Estate Trustee: Passing of Accounts

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It is the responsibility of the estate trustee to keep accurate accounts of the estate assets (for example, money coming in and out, and/or what property is being sold, kept, paid for, etc.).

Passing of accounts is a “court audit” of the handling of the estate  finances by the estate trustee and are presented to the court and beneficiaries. The accounts are examined by the court and:

  • “Passed” in form presented
  • Amended by court order and passed (in amended form); or
  • Not passed (because court not satisfied with accounts).

There are certain accounting requirements and various methods that the estate trustee may use to maintain proper accounts for the estate, such as having a separate ledger book (book of financial records) with a record of all receipts and disbursements (payments) being recorded in these books.

Is a passing of accounts required?

There is no requirement in law for an estate trustee (or any other fiduciary) to pass his/her accounts. That being said, an estate trustee is required to maintain (keep) estate accounts and may volunteer or be compelled (forced) to have their accounts audited (inspection) by the court.

There are two ways for an estate trustee to have his/her financial actions approved before they pay themselves compensation and satisfy themselves that they are not liable for their actions:

  1. The beneficiaries approve (Note: if any beneficiary has a legal incapacity, such as being a minor/mentally incapable, then their approval cannot be obtained; it is also recommended for the estate trustee to seek the beneficiaries to sign a release which releases the estate trustee of their liability); OR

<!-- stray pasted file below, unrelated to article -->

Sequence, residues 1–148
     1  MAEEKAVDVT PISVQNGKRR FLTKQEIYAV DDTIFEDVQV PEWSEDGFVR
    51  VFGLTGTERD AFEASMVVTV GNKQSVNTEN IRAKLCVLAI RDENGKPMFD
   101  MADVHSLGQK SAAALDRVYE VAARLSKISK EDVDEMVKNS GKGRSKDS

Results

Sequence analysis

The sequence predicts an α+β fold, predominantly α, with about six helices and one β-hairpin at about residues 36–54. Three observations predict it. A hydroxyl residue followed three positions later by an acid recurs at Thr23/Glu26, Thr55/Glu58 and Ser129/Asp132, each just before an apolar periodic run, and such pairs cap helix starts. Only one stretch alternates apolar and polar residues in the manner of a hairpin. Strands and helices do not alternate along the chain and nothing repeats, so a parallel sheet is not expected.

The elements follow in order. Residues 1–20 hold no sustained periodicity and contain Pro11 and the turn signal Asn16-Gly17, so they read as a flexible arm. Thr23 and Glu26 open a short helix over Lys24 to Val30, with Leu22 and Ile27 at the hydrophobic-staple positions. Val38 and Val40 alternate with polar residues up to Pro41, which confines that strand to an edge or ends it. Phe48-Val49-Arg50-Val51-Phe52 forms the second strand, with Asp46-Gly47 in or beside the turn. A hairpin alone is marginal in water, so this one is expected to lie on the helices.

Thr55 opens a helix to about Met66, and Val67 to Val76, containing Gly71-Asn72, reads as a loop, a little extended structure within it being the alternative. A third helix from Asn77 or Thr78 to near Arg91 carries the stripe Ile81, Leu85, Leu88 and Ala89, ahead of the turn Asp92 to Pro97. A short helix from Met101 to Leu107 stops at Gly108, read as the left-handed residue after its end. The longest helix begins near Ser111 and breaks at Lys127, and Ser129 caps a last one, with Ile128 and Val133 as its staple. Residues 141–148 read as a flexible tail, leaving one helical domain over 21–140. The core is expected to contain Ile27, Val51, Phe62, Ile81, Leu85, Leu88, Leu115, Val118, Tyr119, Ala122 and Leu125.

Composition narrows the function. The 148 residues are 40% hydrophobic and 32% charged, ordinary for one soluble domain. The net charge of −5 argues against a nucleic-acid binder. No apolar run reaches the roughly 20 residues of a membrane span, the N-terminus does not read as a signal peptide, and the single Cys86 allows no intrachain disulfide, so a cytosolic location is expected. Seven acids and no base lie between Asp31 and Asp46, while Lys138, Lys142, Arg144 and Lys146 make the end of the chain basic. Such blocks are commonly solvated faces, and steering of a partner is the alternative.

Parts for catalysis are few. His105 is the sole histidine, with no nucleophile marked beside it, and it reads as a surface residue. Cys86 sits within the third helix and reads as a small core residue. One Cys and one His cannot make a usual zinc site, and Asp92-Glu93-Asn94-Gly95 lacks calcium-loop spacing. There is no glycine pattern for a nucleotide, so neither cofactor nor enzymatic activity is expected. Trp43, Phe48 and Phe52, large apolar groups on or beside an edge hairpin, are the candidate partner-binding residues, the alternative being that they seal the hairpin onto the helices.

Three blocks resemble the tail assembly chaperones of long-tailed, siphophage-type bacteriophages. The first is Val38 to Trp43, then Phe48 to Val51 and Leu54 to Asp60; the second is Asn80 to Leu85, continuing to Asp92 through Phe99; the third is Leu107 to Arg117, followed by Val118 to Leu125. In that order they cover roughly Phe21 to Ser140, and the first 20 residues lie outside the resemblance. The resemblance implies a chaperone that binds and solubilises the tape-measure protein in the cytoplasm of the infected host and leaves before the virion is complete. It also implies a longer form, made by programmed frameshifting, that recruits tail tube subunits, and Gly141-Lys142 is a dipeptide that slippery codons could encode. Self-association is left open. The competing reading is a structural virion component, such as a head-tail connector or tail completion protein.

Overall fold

2. The accounts are passed in court via a passing of accounts application brought by the estate trustee.

The estate trustee also must seek approval/agreement from the beneficiaries or pass their accounts before they are to pay themselves their compensation for acting as estate trustee.


If there is a dispute (disagreement) over the accounts, the estate trustee may be required to attend a hearing (courtroom proceeding) and provide viva voce(oral) evidence under oath (promise of honesty). The estate trustee may be questioned in chief (asked questions by your lawyer) and the estate trustee is then subject to cross-examination by parties in dispute (questioning by lawyer for the other side). Like other proceedings, the court may make a decision immediately or reserve to consider the matter at a later time.



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